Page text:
Reviewed by Chris Limb
Alan is fourteen and lives in a flat in Manchester with his heavily pregnant mum. Whilst mum believes that window cleaner dad has simply run off, Alan knows otherwise, having witnessed first hand his father being kidnapped by the mysterious beings known only as the Ninnies. The problem is that no-one aside from his school friend Amy Aziz plus Marlton and Bunty (the two strange old people who live in the flat upstairs) believe him…
This is a middle grade YA novel which, despite the cartoonish illustrations and playground name of the eponymous baddies, visits some very dark places indeed. In Alan the author has captured the thought processes and enthusiasms of a slightly geeky teenage boy perfectly –whilst he may very well feel more than simply friendship for his co-conspirator Amy it’s not something he would ever openly admit to. Besides, they’re both far too busy trying to uncover the Ninnies’ deadly secrets.
The humour and absurdity of parts of the storyline contrast nicely with the underlying eeriness of the premise, and despite the straightforward nature of the narrative there is plenty of mystery here – the origin of the Ninnies is never really explained and it is left to the reader to decide whether they come from outer space, a parallel dimension or a world of dark magic. The Ninnies themselves wouldn’t be out of place in a Stephen King novel, and their plan to enslave humanity by getting everyone addicted to potato based snacks containing disconcerting additives is an audacious one. Even if the resourceful Amy and Alan stop them this time there’s no guarantee that they won’t be back; the Buffy-esque research that the two teenagers undertake in the Esoteric Bookshop reveal that this kind of thing has been going on for centuries.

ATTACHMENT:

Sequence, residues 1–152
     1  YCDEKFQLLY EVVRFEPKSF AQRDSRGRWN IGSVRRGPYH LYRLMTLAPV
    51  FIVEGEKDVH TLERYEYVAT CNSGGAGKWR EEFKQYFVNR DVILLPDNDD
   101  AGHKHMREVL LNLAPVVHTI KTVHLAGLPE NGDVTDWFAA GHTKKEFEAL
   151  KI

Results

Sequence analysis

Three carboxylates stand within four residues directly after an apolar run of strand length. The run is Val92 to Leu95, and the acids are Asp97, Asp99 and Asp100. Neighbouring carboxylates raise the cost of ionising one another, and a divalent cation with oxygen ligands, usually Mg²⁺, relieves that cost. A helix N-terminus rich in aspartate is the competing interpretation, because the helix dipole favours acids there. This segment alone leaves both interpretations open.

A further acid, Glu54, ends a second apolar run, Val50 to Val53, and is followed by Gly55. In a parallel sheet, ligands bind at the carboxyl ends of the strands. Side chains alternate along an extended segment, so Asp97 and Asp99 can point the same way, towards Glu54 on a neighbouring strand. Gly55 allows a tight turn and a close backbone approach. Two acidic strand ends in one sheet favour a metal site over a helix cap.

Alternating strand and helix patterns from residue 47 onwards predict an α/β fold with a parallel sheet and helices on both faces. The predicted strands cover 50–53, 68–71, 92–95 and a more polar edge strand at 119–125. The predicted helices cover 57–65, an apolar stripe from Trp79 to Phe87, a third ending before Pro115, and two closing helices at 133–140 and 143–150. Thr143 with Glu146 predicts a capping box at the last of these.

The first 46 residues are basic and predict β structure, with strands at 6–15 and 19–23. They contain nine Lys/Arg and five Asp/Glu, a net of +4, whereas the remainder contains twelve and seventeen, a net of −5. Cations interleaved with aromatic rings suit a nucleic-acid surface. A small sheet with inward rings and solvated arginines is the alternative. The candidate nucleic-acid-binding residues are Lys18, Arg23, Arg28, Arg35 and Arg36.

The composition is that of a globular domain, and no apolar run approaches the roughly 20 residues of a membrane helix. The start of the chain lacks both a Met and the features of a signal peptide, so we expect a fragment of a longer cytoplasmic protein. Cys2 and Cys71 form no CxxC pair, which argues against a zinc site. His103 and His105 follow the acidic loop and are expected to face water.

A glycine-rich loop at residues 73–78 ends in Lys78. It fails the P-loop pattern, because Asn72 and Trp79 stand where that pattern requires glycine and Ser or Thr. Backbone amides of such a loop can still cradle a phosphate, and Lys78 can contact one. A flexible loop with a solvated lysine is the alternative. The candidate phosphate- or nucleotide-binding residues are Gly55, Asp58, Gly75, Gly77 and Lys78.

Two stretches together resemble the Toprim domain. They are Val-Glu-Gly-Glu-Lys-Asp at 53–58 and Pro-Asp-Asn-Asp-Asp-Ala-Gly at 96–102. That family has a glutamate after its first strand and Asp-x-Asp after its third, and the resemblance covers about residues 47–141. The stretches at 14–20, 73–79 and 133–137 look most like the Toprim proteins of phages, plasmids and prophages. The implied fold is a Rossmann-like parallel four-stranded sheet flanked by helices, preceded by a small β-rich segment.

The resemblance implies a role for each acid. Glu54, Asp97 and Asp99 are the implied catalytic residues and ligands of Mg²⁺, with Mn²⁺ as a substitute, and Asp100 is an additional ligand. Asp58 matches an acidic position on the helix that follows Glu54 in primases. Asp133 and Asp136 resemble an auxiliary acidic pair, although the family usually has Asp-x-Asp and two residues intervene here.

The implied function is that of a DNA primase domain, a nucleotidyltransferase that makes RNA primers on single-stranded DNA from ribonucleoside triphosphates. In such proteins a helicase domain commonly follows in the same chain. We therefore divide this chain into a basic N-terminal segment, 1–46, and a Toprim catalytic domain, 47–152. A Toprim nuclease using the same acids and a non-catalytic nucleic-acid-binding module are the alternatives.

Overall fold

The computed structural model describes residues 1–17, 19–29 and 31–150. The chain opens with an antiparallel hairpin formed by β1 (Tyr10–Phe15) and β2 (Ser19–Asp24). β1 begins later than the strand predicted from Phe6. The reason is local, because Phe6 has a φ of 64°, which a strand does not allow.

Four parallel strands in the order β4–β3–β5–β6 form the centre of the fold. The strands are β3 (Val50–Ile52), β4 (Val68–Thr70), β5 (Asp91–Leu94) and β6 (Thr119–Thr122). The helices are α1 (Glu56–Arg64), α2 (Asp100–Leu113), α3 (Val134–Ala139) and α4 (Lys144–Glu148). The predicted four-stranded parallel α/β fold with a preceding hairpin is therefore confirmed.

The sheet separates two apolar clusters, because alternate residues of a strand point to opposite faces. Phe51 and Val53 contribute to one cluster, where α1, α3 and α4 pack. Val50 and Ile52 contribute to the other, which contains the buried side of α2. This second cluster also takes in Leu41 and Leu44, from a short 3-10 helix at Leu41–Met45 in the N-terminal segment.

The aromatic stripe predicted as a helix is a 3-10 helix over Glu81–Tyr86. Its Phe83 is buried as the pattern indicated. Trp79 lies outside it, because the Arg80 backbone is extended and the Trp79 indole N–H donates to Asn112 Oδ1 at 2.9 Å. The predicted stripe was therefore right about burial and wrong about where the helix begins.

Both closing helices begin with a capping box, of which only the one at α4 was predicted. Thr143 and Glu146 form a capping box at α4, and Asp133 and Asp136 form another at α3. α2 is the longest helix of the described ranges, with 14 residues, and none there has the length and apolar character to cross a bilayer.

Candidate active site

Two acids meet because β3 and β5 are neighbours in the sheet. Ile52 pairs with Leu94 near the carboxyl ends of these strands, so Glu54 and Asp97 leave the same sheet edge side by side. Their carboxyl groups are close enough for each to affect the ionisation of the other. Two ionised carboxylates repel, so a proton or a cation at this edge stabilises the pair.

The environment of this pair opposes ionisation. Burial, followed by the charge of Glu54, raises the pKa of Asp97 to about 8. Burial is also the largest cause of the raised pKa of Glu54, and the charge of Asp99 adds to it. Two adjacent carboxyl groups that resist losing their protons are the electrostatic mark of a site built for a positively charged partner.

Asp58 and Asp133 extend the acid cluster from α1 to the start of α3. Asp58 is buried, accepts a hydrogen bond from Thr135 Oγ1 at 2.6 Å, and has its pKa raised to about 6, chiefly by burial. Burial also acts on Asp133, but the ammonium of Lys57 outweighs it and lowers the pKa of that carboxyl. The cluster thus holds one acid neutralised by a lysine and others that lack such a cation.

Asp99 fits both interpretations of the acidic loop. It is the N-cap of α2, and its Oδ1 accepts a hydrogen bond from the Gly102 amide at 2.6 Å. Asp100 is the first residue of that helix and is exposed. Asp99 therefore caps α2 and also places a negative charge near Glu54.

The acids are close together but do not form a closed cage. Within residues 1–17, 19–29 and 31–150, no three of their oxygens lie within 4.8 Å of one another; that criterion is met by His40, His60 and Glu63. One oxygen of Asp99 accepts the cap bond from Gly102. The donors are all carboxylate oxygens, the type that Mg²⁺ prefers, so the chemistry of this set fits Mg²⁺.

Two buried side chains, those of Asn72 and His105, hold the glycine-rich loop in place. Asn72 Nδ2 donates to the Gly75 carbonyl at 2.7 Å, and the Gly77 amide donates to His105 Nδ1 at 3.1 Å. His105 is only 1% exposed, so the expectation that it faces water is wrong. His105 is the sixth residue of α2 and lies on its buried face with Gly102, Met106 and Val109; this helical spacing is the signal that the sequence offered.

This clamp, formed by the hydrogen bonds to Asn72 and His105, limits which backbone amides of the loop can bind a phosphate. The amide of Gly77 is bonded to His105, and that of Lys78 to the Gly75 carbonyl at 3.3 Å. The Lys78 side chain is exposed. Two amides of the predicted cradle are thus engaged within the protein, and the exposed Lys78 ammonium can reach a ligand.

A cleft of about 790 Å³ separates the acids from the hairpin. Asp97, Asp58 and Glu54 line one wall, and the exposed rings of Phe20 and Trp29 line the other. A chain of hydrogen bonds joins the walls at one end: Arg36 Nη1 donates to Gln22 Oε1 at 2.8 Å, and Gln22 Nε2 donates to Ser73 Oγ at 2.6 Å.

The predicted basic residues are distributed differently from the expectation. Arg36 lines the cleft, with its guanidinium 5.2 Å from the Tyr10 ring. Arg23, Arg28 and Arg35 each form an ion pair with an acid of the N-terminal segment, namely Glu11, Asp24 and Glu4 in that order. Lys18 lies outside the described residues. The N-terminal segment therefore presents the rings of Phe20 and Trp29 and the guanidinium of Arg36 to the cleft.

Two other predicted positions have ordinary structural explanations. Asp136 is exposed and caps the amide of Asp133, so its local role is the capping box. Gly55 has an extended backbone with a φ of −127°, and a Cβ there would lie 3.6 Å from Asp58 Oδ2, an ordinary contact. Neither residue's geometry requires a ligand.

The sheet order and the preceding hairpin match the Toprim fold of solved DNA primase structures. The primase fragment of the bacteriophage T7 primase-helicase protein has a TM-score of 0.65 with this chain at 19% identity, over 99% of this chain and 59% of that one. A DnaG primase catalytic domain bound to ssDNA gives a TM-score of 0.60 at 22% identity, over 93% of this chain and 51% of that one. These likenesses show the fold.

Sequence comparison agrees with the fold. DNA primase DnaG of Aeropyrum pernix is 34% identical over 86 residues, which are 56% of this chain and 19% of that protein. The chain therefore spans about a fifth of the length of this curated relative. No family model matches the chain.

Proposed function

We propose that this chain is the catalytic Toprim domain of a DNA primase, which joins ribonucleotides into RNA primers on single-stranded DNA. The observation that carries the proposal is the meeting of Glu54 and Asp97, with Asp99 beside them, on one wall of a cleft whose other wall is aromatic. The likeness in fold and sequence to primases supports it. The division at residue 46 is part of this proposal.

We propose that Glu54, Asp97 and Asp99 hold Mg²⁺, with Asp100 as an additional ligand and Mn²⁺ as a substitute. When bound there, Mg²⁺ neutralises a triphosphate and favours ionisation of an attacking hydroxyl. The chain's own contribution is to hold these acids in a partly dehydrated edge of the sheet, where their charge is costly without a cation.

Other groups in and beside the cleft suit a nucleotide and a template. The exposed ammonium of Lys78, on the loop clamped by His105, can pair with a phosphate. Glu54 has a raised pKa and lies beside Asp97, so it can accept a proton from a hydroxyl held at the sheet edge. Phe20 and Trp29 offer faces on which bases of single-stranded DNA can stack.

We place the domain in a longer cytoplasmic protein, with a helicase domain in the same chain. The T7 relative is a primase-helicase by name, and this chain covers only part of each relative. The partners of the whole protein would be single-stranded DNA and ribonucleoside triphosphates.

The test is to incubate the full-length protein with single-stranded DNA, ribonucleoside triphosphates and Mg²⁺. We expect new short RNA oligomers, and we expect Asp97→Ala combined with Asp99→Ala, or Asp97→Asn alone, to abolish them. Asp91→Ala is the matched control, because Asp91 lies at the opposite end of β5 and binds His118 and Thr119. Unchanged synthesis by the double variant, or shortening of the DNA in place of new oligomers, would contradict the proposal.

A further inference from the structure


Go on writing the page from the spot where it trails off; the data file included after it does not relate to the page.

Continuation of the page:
The playful horror rollercoaster of the main plot is interrupted halfway through by the birth of Alan’s baby sister Squoosh. This experience is well described, proving every bit as life changing and astonishing for our hero as the nocturnal shenanigans he’s recently been undertaking to get to the bottom of the whole conspiracy. Furthermore it gives him a renewed enthusiasm for the mission as he’s got a sister to protect now as well.
If this is a nightmare it’s one from which the reader awakes feeling invigorated and excited as well as scared. If you imagine that the ‘League of Gentlemen’ had written an episode of the ‘Sarah Jane Adventures’, which had then been novelised by Roald Dahl, you might come close to capturing the atmosphere and quality of ‘The Ninnies’.
Hints dropped in the last chapter indicate that this isn’t the last we’ve heard of Amy and Alan; I hope that the next volume of their adventures makes it into print sooner rather than later.